The backstory

Meatballs are iconic in Australian food culture, and come in many different variations, such as Italian, Middle Eastern, Swedish or African, or even Chinese. Almost every cuisine will have a version of a meatball plopped into sauce or soup, and make it to many dinner tables across the country in one form or another as quintessential crowd-pleasing comfort food. Creating a truly Australian flavour was not a stretch, and it was about taking what was going to be a natural choice for a meatball: something salty, something spicy, something peppery. This recipe is sensational with kangaroo meat and the depth of flavour from kangaroo marries very well with the strong aromatics coming from the herbs we have selected in this recipe. However,  the recipe can be just as tasty with beef or port and veal mince, even chicken mince if you are not ready or keen on kangaroo meat. Its important to mention that as we become more mindful about our meat consumption, kangaroo meat is probably the most sustainably farmed meat in Australia, and far outstrips beef in its nutritional profile being much higher in iron, B vitamins and zinc, while only containing 2% fat. This recipe is a good reason to give kangaroo a go at your dinner table if you haven't already tried it. 

About the ingredients 

Saltbush: this bush grows happily in most parts of Australia, and not only has useful medicinal uses but has also been shown to help the environment by reducing greenhouse gas emissions. Its high in protein, contains calcium and trace minerals. Interestingly, even though it is called saltbush, it contains less sodium than table salt, so adding it to you cooking is a great way to instantly increase flavour without adding too much salt. its also very versatile and can be added to almost anything that needs salty-umami boost. If you have a saltbush growing in the backyard, its leaves can actually be used fresh to add to salads or stir fry. Indigenous traditional cooking would see saltbush seeds added to damper, and medicinally, would be made into a paste to treat wounds and burns.

Bush tomato: this has been an important food in the Central Australian region for thousands of years, and is where the main growing region is situated. It is usually harvested wild and can be harvested either dried on the bush or fresh. Bush tomato is known to be a good source of selenium, potassium and iron. this is so incredibly versatile as its like ground up sundried tomato, but with more savory and earthy tones.   It can be added to various savory dishes such as dips, sprinkled into a salad or over vegetables or sprinkled over meats while BBQing. 

Pepper leaf: Comes from the Tasmannia lanceolata plant which grows well in southern parts of Australia where the climate is cooler, and the berries and leaves can be used. It has quite a complex flavour structure, with a number of different layers and dimensions that go well with either sweet or savory. It can be used with curries, cheese, meats, ice-cream or even Christmas cake. Nutritionally, the pepper leaf is a wonderful anti-oxidant, is high in Vitamin E and folate, and has antibacterial / antifungal properties. This bush is easy to grow at home and would be a useful addition to your collection of herbs and spices growing in your backyard.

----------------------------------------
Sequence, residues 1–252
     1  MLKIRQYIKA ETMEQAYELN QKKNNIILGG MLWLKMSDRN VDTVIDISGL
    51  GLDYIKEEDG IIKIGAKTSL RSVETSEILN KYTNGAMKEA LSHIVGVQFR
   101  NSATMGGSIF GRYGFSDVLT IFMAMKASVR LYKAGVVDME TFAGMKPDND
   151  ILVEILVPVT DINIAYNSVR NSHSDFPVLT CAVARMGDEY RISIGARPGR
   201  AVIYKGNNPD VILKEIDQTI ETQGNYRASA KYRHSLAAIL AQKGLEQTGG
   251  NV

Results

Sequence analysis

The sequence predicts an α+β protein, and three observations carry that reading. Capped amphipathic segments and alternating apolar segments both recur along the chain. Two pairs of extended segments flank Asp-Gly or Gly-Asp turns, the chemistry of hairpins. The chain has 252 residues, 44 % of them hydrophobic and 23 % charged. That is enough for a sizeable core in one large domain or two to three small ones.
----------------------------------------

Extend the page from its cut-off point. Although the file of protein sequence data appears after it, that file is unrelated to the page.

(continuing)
Pepper berry: Comes from the Tasmannia lanceolata plant which grows well in southern parts of Australia where the climate is cooler, and the berries and leaves can be used. It has quite a complex flavour structure, with a number of different layers and dimensions that go well with either sweet or savory. It can be used with curries, cheese, meats, ice-cream or even Christmas cake. Nutritionally, the pepper berry is a wonderful anti-oxidant, is high in Vitamin E and folate, and has antibacterial / antifungal properties. This bush is easy to grow at home and would be a useful addition to your collection of herbs and spices growing in your backyard.  

Reference (https://anfab.org.au/)

Ingredients

  • 500g Kangaroo or beef mince
  • 1 cup breadcrumbs
  • 1 egg
  • 2 tablespoons tomato paste
  • 1 teaspoon sea salt
  • 2 tablespoons Worcestershire Sauce
  • 2 tablespoons ground saltbush leaves
  • 2 tablespoons ground sage leaves
  • 1 tablespoon bush tomato
  • 1 teaspoon dried pepper leaf
  • 1/2 teaspoon lemon myrtle
  • 1 teaspoon ground anise myrtle
  • 1 teaspoon ground pepper berry or ground black pepper
  • Chopped fresh parsley or chopped onion if you wish
  • olive oil for frying

 

Steps and Method

Heat oven at 180 Degrees Celcius

Combine all ingredients together in a large bowl until all ingredients are integrated into a smooth mixture that sticks together.

Take a tablespoon of mixture and roll the mixture into a ball and place on a chopping board or parchment

Heat a large frypan and drizzle some olive oil into the bottom, waiting for it to heat up. Gently roll some of the balls into the fry pan and brown gently. Once they have browned, place them on a lined baking sheet and bake for 10 mins to ensure they are cooked through.

Serve either warm or cold, and can be stored in an airtight container for 2-3 days.